African Advent Scene... getting me in the mood
For the past four months, God seems to be saying,”Listen to me.”
It all started at Bangor Worldwide mission event with Trevor Morrow – see Reacting to the leading of the Holy Spirit in Ireland- and has continued through reading the Bible and talking to people – and sort of reached a climax at the Global Connections conference last week 2020Vision: Mission in times of Global Uncertainty
A few days ago a colleague tweeted: “Do we tell God what we want to do, or ask to be part of what he’s doing?”
This morning I found an Advent Prayer – it starts like this…
O Lord our God, we have heard once again the rumour of rumblings in Bethlehem, anticipating the arrival of our salvation. Hound of heaven, you keep hunting us. You will not leave us alone; you will not abandon us to our distorted desires. We confess that we often long for a saviour who will do our bidding and take up our own personal and public causes. But these ominous sounds of Advent warn us that you will save us on your own terms.
So now we earnestly pray that you will reconsider. Please do not take from us the customary sentimentalities of our Santa Claus Christmas. Yes, we know that we shop and spend too much, and lose our heads during December (even November, and possibly October). But at least this long, hectic season keeps the economy going. There is work for the unemployed, and – “ka-ching” – profit for businesses. And where else will the money come from for boardroom bonuses? Please, Lord, do not discombobulate us with news that the real reason for the season is not the Winter Carnival, the fake Christmas trees, the family fuzzies, the cosy carols, and the dreaded January bank statement.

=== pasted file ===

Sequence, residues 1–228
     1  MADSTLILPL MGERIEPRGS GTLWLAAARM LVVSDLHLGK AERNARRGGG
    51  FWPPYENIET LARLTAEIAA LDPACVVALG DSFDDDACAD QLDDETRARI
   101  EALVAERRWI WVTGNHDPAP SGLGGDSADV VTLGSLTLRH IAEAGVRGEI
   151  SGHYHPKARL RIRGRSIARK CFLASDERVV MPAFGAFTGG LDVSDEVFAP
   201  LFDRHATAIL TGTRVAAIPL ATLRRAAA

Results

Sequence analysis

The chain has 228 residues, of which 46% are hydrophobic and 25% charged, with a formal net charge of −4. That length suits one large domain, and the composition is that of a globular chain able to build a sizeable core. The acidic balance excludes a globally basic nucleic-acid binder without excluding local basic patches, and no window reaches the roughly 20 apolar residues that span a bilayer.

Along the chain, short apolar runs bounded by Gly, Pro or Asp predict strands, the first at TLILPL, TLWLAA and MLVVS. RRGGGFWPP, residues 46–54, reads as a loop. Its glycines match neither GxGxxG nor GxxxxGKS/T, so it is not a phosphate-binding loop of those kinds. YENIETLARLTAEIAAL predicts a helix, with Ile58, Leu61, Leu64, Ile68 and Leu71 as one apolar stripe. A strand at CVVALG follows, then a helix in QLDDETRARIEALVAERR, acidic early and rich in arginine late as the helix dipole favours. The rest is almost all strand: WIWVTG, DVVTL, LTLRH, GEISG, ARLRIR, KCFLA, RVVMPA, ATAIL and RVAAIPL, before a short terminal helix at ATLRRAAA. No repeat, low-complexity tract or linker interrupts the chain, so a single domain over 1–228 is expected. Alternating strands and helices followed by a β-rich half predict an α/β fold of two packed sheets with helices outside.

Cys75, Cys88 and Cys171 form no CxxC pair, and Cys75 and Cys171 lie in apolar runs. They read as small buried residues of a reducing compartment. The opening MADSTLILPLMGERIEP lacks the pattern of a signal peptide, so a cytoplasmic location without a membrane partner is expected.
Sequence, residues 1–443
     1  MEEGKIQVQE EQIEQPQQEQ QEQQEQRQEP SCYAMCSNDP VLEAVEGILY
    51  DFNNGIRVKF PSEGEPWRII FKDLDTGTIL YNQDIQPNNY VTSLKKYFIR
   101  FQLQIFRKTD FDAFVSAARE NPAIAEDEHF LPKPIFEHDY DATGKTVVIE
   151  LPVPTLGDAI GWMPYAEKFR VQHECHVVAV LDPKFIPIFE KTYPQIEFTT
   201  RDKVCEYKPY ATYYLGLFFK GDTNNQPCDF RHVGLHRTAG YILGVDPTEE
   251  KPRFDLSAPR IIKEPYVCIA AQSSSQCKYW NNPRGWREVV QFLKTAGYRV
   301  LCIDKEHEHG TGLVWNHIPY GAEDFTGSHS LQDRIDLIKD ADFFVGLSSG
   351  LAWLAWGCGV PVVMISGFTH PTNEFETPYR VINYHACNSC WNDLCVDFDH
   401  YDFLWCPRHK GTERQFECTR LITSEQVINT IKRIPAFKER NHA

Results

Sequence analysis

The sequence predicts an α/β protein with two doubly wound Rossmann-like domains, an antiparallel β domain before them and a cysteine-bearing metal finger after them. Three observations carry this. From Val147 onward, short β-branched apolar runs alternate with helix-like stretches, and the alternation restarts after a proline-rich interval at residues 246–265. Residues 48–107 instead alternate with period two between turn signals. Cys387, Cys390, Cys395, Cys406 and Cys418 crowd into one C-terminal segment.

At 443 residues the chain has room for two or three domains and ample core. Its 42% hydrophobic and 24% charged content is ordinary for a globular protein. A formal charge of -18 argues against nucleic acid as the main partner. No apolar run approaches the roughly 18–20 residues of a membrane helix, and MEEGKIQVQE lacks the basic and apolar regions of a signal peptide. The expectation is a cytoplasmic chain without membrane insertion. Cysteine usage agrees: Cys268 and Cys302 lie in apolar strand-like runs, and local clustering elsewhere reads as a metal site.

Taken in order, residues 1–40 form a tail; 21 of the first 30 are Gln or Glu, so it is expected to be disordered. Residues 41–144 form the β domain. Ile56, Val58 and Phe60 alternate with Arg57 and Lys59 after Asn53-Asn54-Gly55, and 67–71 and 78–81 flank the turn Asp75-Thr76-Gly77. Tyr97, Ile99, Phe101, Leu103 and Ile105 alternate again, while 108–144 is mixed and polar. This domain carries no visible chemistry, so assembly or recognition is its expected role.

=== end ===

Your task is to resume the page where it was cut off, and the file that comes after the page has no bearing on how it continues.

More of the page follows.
… continues outrageously…
Yes, O God of kin and country, stop bothering us. The last thing we want to hear is that you are coming towards us out of stark poverty and imperial oppression as an uppity Jew who will challenge the powerful we obey and the opulent we envy. Do not tell us to repent of our illusions, deceits, and betrayals. Do not urge us to let go of a (homeland) security that depends on fear and violence. Do not warn us about our ecological hubris and irresponsibility. Do not call us to comfort the people cramming our jails, feed the homeless begging on our streets, tend the sick waiting for treatment, and welcome the immigrant looking for sanctuary.
… and ends with a touch more orthodoxy – having made its effectively non too subtle nudge at too many of us who call ourselves Christians!
O God of all truth, forgive what we have just been praying, even as we admit that these are the lusts of our hearts. Teach us how to speak of your coming kingdom, of your power disclosed in weakness, in such a way that we might become true and faithful disciples, followers, not fans, of Jesus, the Nonviolent One we crucified because we couldn’t bear his love.
Tell us what you want from us, make us want what you want from us. Do not leave us to ourselves. Do not leave us alone in the darkness of our own making. We are really quite lost. Shine your light in our night. Find us and take us home. Come, O come, Immanuel!
And so I take the hint: how will I spend Christmas? Will I reflect the One whose Incarnation we are celebrating? Will Christmas enrich me to serve my Saviour in 2012 so that many more people will have this story translated into the languages of their hearts?
Here’s the bit of the Advent Prayer that adds to God’s message, “Listen to me!”
Tell us what you want from us, make us want what you want from us. Do not leave us to ourselves. Do not leave us alone in the darkness of our own making. We are really quite lost. Shine your light in our night.
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